According to ARMA International, a professional organization dedicated to managing records, the way an organization manages its records is a critical business issue as these records provide evidence of what the organization does. Records can exist in various media such as paper, electronic, audio and visual. It is the job of a record management professional to ensure that these records are accurate, secure, compliant and available to those who need them.
Records Management Positions
Any organization that uses information and generates records must have a process for preserving them. Federal, state and local governments, government agencies, schools, universities, libraries, the United Nations and businesses are all places that have needs for records management and which employ records management personnel.
In particular, government entities with responsibilities to their citizens must have regulations for record management and the personnel to administer them. The federal government's record management regulations are under the charge of the National Archives. Each department of the federal government, in all three branches, has dedicated federal agency records officers to oversee the implementation of records management policies and procedures, develop systems and processes and train personnel to properly manage records.
Identifying and Preserving Records
The first thing the records management position must do is help the organization determine which kinds of information should be preserved as records. The record manager must then address how to control the active records to ensure that the correct version is used and preserved (version control). He must also determine how long, where and in what manner the records should be archived. This will include selecting the type of media used to preserve each kind of record (such as microfiche, digital scanning, etc.). He must take into consideration legal, business, budget, space and regulatory requirements in making this determination.
Categorizing and Organizing Records for Retrieval
It is the responsibility of the records management position to inventory and audit existing records and to design and implement organization and categorization schemes that will enable the efficient retrieval or archived records.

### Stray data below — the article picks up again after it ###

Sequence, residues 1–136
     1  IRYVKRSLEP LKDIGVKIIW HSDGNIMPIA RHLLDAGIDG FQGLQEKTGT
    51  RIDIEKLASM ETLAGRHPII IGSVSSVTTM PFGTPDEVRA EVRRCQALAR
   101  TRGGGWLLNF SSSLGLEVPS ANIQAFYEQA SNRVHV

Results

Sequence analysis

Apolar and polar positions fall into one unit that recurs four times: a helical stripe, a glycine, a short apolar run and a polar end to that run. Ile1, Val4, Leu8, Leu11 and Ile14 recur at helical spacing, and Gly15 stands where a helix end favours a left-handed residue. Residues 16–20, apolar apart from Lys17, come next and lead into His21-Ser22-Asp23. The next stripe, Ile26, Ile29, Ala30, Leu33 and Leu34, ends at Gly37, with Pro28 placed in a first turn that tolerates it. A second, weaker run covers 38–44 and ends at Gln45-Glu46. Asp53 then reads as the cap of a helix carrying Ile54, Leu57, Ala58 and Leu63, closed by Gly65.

The record management professional stays informed on technological advances, including applications for digitizing, classifying and archiving records. He helps the organization choose and implement technologies that will do these tasks in a cost-effective, user-friendly way and trains those who will use them. The technology chosen must interface with other systems used by the organization and with other organizations that may have to access the records (such as government agencies).
Awareness and Training
Effective records management cannot be achieved without the participation of everyone who has a part in the life cycle of the record. For this reason, part of the role of the record management position is to increase awareness among those who generate and use records. They must know the importance of, understand how to use and commit to using approved processes for generating, preserving and retrieving records.
Disposal of Records
The records management position oversees the entire life cycle of records, including determining the retention schedule and when records should be destroyed. The schedule must comply with regulations, policies, business and legal requirements of the organization. The schedule should specify the procedures for placing a legal hold on documents if they are needed for litigation and the appropriate method for disposing of various types of outdated records. The records manager will consider security, confidentiality and environmental issues in determining disposal methods.
- Photo Credit Image by Flickr.com, courtesy of Tim Walker
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